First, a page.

In the first post of this series, I showed how a few APIs afford errors to their users. In the second post, I showed a few examples of how other APIs or languages have avoided or solved the same problems. In this third and final post, we will work through an example of designing an API.
When I design APIs, I try to think of all the ways it could possibly be misused, and remove as many ways as possible. Sometimes, this comes at the cost of some ergonomy, but how much I’m willing to sacrifice depends on a few factors: the criticality of the errors, the impact on ergonomy, the (handwavy) likelihood that it will occur, to name a few.
I was recently writing an API to our reservation manager (the system holds reservation for carts, and disallows selling more items than are available). From the outside, the functionality is simple. You can reserve the items of a cart. Once reserved, the reservation can be claimed (ex: after the payment is successful) or unreserved (ex: if the payment failed).
I think the very first step of API design is empathy. Yearn for your users to succeed in their task. Understand where they’re coming from. Make sure your APIs can be composed with the other tools they use.
The most important question you must ask yourself: “who will the users be?”. Are they interns, senior developers, or principal engineers? Will they use your API every day, once per quarter, or once per decade? Is your API the cornerstone of their feature, or are they using it as an afterthought?
Whenever possible, aim for the lowest common denominator. If an intern unfamiliar with the language using this API for the first time can succeed, the probability that a principal engineer using it for the 10th time will too is very high. When it’s less practical, understanding your users will help you make the right tradeoffs between the different factors.
In my case, this API is likely to be used by junior developers, and very rarely. They will definitely plan ahead as this will be integral to what they’re building.
I started by jotting down a first draft of the API, that handled all the cases necessary, in an idiomatic Ruby fashion. It looked something like this:
However, as we’ve seen previously, this API affords a lot of errors.
Using the learnings from the first post, we can quickly identify a few problems:
- It’s possible to ignore the return value of
reserveand treat all reservations like they succeeded.
- Additionally to #1, they can call
unreservewithout having reserved in the first place.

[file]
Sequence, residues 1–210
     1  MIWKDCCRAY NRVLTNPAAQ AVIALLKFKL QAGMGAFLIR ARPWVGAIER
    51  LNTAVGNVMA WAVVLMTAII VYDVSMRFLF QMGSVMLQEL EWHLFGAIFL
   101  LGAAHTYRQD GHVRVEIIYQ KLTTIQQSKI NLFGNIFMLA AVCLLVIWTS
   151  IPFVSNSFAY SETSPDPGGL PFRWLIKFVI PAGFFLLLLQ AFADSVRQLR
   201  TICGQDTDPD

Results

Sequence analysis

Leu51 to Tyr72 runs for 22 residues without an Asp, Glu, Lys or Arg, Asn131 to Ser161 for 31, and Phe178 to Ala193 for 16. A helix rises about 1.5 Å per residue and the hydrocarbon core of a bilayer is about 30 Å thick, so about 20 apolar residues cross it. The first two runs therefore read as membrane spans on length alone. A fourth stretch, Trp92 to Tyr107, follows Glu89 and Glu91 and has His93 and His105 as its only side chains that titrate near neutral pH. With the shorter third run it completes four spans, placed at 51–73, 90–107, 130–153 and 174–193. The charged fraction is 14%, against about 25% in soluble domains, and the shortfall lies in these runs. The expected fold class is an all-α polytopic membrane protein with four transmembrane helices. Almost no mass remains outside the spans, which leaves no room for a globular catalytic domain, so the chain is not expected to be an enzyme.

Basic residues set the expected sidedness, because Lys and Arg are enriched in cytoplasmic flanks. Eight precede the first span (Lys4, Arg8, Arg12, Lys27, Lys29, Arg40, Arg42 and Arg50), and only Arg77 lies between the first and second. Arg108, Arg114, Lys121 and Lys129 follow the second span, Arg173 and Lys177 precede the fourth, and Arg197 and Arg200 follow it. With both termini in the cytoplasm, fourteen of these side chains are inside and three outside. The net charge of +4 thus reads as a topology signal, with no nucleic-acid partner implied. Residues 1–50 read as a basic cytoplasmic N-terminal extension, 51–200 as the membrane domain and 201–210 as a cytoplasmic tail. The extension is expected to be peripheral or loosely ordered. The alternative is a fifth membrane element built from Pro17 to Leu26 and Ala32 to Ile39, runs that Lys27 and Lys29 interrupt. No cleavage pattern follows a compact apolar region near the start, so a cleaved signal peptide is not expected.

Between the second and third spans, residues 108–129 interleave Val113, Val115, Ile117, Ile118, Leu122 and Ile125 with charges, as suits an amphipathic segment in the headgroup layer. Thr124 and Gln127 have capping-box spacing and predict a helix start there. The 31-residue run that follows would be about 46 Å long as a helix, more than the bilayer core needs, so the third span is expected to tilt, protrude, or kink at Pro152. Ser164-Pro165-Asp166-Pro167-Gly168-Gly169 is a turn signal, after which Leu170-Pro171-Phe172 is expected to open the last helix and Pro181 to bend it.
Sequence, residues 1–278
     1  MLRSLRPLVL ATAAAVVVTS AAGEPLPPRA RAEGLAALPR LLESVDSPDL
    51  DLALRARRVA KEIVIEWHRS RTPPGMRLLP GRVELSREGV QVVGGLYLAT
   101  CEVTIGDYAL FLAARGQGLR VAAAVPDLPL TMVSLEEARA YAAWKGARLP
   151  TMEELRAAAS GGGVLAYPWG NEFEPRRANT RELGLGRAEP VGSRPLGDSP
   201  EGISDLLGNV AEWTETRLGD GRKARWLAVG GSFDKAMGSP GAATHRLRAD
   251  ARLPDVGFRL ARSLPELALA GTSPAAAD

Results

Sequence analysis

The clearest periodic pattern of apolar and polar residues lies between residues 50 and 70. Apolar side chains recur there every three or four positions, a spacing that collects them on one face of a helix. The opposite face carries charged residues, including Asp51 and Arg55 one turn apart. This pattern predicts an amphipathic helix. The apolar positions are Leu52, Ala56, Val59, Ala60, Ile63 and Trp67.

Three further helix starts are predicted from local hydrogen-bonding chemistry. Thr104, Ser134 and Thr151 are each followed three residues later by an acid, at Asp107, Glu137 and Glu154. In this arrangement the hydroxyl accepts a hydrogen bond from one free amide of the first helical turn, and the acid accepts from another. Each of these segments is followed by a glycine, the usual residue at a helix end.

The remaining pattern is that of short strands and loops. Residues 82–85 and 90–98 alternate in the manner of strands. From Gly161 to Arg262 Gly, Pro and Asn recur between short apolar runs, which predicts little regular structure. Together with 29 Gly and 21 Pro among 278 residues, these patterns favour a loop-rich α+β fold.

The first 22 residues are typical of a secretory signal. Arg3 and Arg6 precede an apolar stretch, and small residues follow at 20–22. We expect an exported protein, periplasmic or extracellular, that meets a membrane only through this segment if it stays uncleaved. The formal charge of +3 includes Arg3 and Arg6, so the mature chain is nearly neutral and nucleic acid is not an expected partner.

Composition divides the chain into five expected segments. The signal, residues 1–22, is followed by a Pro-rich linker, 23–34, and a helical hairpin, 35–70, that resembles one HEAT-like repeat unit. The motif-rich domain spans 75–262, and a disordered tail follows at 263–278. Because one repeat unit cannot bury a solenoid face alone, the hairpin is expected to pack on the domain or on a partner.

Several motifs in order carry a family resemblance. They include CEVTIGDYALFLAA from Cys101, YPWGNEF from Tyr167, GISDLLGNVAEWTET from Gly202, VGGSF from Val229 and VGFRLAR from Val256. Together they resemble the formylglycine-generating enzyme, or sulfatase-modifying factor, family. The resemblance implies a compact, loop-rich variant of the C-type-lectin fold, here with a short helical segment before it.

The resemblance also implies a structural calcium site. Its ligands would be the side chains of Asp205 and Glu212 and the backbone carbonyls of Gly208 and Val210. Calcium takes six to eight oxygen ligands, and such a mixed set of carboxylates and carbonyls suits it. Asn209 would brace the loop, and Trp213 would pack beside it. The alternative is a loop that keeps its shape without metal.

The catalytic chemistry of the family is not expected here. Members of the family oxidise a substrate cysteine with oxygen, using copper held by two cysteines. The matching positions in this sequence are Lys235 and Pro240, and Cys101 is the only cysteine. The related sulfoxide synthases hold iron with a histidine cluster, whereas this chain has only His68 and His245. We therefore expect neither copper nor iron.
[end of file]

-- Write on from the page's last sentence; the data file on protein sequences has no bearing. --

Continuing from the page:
- Is it legal to use different instances of
- It’s impossible to know when the reservation has exceeded its lifetime (ex, it has been garbage collected), and it’s impossible to force the user to consume (
unreserve) the reservation.
For example, if the user had wrong assumptions about their system, they could write this implementation:
Knowing that the users of this system will use this API approximately once in their entire career, I strongly favour reducing the surface for errors over idiomacy or ergonomy. Let’s see how we can solve this problem.
To partially remove the affordance #1, we need to give an incentive to the user to use the return value. In fact, we will give them no choice. We can start by making
reserve return a
Reservation object, which is now the owner of
unreserve methods. In doing so, we also solved #3; our users cannot use a different instance of
With this API, we only partially solved #1, and we haven’t solved #2 at all, however. One can still fail to check if the reservation was successful. To solve this, we can wrap our
Reservation in a
Result object (aka, a kind of Either monad), forcing the user to at least check for success.
The usage of the
Result object could be surprising to some Ruby developers, but in our codebase they are very common, and they wouldn’t startle anyone.
Using this version, the users will have no choice but to consider whether the reservation was successful before they proceed further with it.
Depending on the various factors, we could decide to stop here; we’re already in a much better state than the original API. However for this API, I really wanted to make sure I solved #4 and force the user to
unreserve. We can do so by trading the return value of
reserve for a mandatory block that will receive the reservation result.
This allows us to
unreserve the reservation if it hasn’t been consumed by the end of the block. Depending on the specifics, we can also choose to
raise if the reservation hasn’t been consumed, to notify the users that their code has a problem.
With this API in place, we have dramatically reduced the surface for error. The objects in play will naturally guide the our users towards the correct way to use our API, and even if they don’t, it won’t compromise the correctness of our system.
Opinions may vary, but in mine, we haven’t sacrificed ergonomics by the slightest to get here, either.
In the first post of this series, I showed a few ways in which common APIs allow their users to make mistakes. My goal was to help you take notice of the problem, so that you can find similar problems (and more) in your own APIs. In the second post, we saw how others have solved the same problems, to help you see ways to remove the affordance you give. In this final post, I went through an example, and explained how I design APIs, and how I try to make it easy for my users to make no error. I sincerely hope you can take something away from this series, and that you start taking notice of, and start removing, the affordance for errors in your APIs.